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Chemical proteomics tools for probing carbohydrate processing enzymes

Author: 
Date created: 
2020-04-24
Identifier: 
etd20914
Keywords: 
Chemical proteomics/chemoproteomics
Pull-down
Interactome
Enzyme regulation
Post-translational modification
O-GlcNAc
Abstract: 

The modification of proteins with O-linked N-acetylglucosamine (O-GlcNAc) is a nucleocytoplasmic modification that is present on over a thousand different protein targets. This post-translational modification is conserved among multicellular eukaryotes and has been found to play diverse physiological roles within cells. Remarkably, O- GlcNAc levels are globally controlled by only two enzymes; O-GlcNAcase (OGA) and O- GlcNAc transferase (OGT). How this modification is regulated on the large set of target substrates by just these two enzymes remains a topic of high interest within the field. In this thesis, I describe the development of a chemical proteomics method to interrogate OGA that help move the field toward elucidating the factors that regulate this enzyme. Specifically, I describe the creation of four distinct affinity-based probes that bind with high affinity to OGA and enable its precipitation at endogenous levels from tissues. These probes are designed to enable precipitation of OGA and its protein partners under gentle conditions followed by precipitation on streptavidin-coated beads. The disulfide linker that can be cleaved using gentle conditions enables release of OGA-containing protein complexes. Using these probes in a parallel series of experiments, I define a set of high confidence candidate OGA interacting proteins that are seen in multiple data sets from mass spectrometry-based proteomic analyses of the chemoproteomic precipitates obtained from bovine brain tissue. In addition, I detail targeted discovery of post- translational modifications on OGA from bovine brain tissue obtained using one of these new chemoproteomic probes. I envision this approach can ultimately be applied to identifying factors that regulate OGA activity within cells and provide a blueprint for robust chemoproteomics strategies that harness the use of multiple probes having distinct chemical structures.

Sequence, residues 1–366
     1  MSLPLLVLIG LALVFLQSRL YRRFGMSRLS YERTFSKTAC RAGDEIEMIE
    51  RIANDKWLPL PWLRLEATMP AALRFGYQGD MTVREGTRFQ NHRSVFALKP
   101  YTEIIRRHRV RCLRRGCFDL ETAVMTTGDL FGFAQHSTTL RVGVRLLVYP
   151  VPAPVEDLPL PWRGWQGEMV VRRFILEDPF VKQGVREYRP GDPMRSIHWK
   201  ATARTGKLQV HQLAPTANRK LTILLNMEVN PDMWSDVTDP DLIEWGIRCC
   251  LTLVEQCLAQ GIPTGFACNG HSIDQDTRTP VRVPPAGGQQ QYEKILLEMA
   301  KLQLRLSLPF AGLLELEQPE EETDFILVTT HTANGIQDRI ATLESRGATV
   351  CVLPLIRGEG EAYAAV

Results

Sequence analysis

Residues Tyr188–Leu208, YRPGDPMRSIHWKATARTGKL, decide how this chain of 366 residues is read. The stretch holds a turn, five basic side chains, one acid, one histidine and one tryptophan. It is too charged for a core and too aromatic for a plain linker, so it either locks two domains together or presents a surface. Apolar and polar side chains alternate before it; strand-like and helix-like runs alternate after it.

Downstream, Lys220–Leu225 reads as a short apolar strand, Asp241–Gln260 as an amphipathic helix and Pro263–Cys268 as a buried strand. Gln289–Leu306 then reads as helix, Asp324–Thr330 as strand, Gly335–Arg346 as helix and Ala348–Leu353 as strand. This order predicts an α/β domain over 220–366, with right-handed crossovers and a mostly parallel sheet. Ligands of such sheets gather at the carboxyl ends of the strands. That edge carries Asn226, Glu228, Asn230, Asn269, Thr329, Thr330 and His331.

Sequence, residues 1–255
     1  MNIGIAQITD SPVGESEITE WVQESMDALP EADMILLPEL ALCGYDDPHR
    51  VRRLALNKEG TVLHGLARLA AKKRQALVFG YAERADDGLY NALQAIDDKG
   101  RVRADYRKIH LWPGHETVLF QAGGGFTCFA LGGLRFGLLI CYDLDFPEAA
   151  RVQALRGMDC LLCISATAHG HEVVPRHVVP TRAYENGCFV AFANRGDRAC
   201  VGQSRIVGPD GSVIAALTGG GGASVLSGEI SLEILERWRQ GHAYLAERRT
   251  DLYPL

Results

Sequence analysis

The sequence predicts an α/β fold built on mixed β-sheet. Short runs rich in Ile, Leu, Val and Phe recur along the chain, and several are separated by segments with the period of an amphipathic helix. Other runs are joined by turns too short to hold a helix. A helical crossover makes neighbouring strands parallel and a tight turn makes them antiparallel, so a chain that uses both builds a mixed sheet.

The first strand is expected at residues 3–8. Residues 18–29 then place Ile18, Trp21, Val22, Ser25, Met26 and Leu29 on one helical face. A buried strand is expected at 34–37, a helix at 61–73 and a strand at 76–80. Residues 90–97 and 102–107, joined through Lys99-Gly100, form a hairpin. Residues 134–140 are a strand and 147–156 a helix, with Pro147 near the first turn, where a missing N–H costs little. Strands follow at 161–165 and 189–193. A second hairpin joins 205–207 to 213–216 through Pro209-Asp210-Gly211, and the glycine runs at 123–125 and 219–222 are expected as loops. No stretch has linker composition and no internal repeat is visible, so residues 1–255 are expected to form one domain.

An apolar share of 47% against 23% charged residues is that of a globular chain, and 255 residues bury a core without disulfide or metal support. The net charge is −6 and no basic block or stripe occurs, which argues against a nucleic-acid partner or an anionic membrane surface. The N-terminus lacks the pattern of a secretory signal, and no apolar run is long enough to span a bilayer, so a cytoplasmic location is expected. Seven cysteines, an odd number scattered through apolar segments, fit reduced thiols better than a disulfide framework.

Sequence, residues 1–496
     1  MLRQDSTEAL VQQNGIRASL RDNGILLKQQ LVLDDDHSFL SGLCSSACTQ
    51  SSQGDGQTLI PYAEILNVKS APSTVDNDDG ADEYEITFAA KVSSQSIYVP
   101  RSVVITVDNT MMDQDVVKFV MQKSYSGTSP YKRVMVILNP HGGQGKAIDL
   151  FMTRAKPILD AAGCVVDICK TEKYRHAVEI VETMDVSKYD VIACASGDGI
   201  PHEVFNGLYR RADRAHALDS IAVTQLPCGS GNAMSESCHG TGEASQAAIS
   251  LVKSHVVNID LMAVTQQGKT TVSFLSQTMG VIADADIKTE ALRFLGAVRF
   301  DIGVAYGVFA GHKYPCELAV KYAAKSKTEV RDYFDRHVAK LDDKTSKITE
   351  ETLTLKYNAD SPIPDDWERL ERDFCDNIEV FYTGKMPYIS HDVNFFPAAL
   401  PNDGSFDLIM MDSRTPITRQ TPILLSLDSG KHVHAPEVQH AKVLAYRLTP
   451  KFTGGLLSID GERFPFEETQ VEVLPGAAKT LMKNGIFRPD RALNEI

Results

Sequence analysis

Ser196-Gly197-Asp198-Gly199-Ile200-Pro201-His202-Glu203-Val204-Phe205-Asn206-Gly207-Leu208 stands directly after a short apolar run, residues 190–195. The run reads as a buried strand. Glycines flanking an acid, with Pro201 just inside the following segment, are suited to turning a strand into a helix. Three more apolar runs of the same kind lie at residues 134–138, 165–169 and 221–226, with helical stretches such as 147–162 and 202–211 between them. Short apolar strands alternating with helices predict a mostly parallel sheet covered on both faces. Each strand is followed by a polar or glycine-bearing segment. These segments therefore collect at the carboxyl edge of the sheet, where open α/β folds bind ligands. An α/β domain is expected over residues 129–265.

Document type: 
Thesis
Rights: 
This thesis may be printed or downloaded for non-commercial research and scholarly purposes. Copyright remains with the author.
File(s): 
Supervisor(s): 
David Vocadlo
Leonard Foster
Department: 
Science: Department of Chemistry
Thesis type: 
(Thesis) M.Sc.
Statistics: